Onion Power

Thomas Kranzle/Venture Visuals

Waste has become a lot more valuable to the largest processor of fresh-cut onions in the United States. California-based onion processor Gills Onions used to discard roughly 300,000 pounds of onion waste—inedible skins, tops, and tails—each day, but now this waste is being converted into a biogas that helps power the plant. The owners of Gills Onions are hoping their new Advanced Energy Recovery System, unveiled in July 2009, will be both eco-friendly and cost effective.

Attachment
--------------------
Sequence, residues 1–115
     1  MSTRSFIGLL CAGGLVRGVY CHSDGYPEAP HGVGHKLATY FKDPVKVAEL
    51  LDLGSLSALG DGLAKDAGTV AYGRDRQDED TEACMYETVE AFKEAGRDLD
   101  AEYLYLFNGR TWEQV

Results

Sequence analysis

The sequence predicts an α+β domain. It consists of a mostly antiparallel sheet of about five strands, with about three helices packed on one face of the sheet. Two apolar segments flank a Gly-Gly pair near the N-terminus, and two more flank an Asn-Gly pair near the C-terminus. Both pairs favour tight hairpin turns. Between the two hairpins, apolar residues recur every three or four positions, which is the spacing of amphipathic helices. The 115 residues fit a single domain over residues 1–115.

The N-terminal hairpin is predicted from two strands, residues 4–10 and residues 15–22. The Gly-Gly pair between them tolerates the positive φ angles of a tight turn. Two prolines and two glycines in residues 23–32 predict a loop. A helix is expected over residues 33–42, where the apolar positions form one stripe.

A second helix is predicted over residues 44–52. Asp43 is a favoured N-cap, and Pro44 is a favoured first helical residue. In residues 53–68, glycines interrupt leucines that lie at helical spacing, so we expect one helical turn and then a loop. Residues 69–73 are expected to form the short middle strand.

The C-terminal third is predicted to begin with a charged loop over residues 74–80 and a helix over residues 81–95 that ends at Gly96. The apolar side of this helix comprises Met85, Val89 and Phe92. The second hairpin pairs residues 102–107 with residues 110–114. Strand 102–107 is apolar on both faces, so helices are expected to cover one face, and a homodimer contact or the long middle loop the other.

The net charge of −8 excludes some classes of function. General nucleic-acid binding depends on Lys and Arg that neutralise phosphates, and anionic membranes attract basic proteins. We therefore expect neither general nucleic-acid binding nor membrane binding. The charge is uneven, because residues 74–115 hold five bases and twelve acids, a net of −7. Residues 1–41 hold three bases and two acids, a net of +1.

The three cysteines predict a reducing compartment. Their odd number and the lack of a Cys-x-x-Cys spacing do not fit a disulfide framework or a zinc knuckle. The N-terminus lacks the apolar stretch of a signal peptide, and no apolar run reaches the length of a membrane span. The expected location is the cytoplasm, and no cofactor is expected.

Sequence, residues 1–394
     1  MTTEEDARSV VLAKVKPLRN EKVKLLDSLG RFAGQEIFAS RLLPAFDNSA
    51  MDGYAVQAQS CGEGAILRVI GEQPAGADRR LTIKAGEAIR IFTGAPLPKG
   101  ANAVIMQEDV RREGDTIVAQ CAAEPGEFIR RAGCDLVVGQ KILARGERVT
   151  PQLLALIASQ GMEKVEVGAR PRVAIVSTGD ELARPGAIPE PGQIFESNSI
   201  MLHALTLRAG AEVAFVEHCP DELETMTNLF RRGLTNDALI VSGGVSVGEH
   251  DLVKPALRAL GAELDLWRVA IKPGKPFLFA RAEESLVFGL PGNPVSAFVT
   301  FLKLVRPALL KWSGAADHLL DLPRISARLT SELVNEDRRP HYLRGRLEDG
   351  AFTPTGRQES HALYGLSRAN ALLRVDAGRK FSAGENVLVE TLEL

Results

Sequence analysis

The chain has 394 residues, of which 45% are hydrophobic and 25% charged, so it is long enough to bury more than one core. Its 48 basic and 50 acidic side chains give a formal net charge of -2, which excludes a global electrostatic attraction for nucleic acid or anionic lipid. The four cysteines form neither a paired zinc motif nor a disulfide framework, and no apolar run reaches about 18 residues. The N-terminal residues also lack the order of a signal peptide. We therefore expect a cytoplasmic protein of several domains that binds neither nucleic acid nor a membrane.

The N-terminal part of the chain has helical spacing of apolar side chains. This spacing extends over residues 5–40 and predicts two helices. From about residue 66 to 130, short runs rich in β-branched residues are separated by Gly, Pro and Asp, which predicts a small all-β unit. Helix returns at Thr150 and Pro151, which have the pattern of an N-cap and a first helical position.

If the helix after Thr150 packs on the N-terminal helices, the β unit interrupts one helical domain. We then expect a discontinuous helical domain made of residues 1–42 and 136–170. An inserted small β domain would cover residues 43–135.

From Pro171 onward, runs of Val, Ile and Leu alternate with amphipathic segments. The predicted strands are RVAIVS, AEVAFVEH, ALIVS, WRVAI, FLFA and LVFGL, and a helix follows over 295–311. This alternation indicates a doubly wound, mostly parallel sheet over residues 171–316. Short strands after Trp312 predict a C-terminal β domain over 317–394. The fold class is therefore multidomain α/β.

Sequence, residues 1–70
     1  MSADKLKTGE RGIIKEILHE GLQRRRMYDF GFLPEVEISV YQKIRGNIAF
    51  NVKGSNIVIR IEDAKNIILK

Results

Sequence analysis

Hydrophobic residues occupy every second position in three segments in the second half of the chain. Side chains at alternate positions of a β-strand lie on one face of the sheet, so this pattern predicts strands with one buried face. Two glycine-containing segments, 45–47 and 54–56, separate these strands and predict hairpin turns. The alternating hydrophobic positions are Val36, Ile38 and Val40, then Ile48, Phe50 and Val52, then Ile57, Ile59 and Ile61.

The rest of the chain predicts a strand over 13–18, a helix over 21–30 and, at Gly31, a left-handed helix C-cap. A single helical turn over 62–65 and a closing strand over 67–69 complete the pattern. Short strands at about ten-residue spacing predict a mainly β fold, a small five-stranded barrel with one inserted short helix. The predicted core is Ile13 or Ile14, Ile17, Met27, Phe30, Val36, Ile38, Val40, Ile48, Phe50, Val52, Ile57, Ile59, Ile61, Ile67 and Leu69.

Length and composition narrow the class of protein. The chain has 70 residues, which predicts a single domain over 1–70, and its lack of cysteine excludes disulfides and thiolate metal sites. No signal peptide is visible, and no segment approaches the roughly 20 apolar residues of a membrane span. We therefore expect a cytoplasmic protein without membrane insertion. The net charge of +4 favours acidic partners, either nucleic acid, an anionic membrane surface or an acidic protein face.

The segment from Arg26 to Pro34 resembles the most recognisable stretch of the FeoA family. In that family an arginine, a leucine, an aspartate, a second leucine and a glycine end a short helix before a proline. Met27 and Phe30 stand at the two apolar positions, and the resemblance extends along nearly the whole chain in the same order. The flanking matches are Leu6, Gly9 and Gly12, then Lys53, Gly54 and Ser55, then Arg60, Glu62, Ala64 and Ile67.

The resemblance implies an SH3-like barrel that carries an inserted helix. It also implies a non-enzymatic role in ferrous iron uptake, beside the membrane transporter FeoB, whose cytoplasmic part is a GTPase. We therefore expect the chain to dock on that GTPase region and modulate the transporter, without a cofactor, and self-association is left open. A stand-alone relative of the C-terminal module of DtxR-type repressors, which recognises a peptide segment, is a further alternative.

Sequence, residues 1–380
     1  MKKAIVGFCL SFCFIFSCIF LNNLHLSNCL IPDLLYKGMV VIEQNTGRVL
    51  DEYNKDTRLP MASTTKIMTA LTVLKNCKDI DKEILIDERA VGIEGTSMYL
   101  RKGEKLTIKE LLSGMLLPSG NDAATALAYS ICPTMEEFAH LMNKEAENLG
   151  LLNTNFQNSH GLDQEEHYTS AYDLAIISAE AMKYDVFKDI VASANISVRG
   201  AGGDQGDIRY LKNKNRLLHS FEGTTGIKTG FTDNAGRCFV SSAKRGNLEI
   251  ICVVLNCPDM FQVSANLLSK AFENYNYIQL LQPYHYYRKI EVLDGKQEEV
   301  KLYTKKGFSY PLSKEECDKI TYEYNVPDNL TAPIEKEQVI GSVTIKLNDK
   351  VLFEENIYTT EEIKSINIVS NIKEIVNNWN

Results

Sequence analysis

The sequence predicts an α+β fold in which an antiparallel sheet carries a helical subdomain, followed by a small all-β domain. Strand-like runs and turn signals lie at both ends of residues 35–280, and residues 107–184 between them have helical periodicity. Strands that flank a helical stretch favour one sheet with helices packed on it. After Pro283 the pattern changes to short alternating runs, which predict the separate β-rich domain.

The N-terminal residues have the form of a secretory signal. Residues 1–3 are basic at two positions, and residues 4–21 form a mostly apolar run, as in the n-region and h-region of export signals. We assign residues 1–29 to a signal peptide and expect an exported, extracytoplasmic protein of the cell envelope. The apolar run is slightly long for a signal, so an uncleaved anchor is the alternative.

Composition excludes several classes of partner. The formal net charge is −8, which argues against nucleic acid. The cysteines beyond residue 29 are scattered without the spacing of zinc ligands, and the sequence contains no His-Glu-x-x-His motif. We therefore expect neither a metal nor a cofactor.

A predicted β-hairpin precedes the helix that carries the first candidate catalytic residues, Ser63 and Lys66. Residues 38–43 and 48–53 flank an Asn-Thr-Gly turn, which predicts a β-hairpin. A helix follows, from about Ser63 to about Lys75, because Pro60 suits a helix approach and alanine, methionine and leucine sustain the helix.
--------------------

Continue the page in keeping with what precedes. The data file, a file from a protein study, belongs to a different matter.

The system works by compressing waste to separate onion juice from solid onion pieces. The solid component is sold as cattle feed, and the juice is put into an anaerobic digester where it is converted into methane and carbon dioxide, or in other words, biogas. In a fuel cell, the newly formed biogas is combined with oxygen, producing water and electricity. Onion juice is now meeting about 40% of the energy requirements for Gills Onions, following a $9.5 million investment.